FRANCE is leading a drive to create a Brussels military headquarters that would build on existing EU missions.
Ms Ashton has signalled to Paris that she will go against British opposition if France can win other allies this winter, a senior French defence ministry source has revealed.
Her support comes before a meeting of ministers from the 'Big Five' (France, Germany, Italy, Spain and Poland) in Paris on Wednesday to discuss driving "European defence" forward.
France seeks to use the launch of new EU military missions to establish a European military headquarters and will mount an offensive in mid-2014 that could see it back treaty-change to scrap national vetoes over defence.
This prompted the Big Five to seek ways of bypassing a British veto via a little-known legal mechanism. France eventually backed down so as not to jeopardise its Lancaster House bilateral defence accord with Britain.
Now, France will seek to use EU military missions -- such as one in Mali it hopes will be launched in January -- to build an OHQ.
"The European project has often been limited to paper and documents. We prefer to do concrete things and, bolstered by these first results, we can then formalise a European security concept and an OHQ. There will be political will for (military) operations, and for that we will need institutions," said the source.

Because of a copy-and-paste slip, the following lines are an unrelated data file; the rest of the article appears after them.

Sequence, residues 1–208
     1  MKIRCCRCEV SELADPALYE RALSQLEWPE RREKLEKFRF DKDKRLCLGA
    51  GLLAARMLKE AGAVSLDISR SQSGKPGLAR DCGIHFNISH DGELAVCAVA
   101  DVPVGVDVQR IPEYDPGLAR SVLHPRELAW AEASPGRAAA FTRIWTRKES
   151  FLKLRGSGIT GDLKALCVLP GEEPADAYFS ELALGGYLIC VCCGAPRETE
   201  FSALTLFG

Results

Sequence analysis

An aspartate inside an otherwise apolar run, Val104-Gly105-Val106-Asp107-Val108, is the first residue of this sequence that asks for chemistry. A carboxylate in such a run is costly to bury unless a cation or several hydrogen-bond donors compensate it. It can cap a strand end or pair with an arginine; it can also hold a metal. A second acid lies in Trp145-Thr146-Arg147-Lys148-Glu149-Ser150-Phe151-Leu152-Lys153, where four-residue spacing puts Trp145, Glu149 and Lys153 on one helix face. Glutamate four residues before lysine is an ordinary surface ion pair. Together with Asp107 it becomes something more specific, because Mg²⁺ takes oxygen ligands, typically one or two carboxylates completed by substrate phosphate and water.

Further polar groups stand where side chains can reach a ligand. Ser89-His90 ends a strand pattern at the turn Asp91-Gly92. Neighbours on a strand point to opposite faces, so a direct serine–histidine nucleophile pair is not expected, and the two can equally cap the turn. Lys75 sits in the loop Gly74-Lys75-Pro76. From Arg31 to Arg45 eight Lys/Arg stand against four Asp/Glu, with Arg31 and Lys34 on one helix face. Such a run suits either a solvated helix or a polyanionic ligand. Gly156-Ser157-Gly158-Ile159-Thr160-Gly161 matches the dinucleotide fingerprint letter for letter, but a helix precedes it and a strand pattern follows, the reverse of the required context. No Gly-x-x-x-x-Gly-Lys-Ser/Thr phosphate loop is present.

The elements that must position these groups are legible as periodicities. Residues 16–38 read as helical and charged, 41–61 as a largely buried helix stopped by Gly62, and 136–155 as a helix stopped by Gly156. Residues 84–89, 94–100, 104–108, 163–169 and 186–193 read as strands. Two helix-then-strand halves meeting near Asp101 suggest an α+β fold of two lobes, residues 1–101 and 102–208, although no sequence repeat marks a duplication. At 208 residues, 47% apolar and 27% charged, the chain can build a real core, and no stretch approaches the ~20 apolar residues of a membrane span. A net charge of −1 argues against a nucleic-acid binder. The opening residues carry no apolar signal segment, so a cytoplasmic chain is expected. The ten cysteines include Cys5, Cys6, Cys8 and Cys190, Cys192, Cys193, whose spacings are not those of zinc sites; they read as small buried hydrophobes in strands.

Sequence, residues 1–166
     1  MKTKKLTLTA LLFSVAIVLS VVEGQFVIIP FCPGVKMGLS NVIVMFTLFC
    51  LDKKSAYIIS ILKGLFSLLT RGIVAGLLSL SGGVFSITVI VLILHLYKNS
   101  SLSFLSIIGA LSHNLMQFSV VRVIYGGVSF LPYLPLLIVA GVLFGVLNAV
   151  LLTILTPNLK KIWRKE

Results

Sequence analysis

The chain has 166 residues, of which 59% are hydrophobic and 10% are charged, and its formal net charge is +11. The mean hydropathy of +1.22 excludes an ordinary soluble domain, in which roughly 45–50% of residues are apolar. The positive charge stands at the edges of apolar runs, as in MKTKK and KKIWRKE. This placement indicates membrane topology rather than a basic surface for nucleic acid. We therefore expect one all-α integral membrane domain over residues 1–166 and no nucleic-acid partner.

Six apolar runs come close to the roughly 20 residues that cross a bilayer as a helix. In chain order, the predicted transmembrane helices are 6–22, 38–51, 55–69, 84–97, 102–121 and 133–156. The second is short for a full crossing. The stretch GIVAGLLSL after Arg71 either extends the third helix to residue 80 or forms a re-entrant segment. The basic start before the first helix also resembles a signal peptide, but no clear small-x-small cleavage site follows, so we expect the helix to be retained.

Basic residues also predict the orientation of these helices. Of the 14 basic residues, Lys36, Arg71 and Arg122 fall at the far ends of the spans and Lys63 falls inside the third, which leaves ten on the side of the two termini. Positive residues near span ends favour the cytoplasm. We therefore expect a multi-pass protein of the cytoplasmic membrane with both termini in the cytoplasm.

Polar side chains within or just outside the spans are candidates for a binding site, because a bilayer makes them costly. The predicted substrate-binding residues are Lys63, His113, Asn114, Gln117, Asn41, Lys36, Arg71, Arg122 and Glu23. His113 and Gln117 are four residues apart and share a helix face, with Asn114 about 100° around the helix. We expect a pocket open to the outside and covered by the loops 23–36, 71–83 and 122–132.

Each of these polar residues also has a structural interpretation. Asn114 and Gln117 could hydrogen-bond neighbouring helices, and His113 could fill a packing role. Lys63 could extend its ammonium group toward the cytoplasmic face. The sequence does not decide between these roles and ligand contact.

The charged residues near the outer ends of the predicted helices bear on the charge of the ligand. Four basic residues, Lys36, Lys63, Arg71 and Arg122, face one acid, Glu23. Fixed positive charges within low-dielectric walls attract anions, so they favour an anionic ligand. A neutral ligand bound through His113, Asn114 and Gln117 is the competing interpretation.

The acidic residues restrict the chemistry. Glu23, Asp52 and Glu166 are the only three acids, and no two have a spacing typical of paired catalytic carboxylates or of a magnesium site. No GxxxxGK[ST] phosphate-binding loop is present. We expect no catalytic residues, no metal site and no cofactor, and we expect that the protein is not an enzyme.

"We received a very favourable response from Madame Ashton. Lots of people say she isn't interested in France's position. What she told us is that she's not in a position to take the initiative, which I understand."
MEP Geoffrey Van Orden, Conservative spokesman on European defence and security policy, warned that France was pushing Britain down a "slippery slope" to a European army.
"It is naive for us to imagine that we can have an intense bilateral defence relationship with France without being drawn into that country's wider ambition to create EU military capabilities," he said.
A spokesman for Lady Ashton said: "Conduct and planning are of crucial importance to any deployment whether this be of a civilian or military nature. This matter requires unanimous consent of all member states." (© Daily Telegraph, London)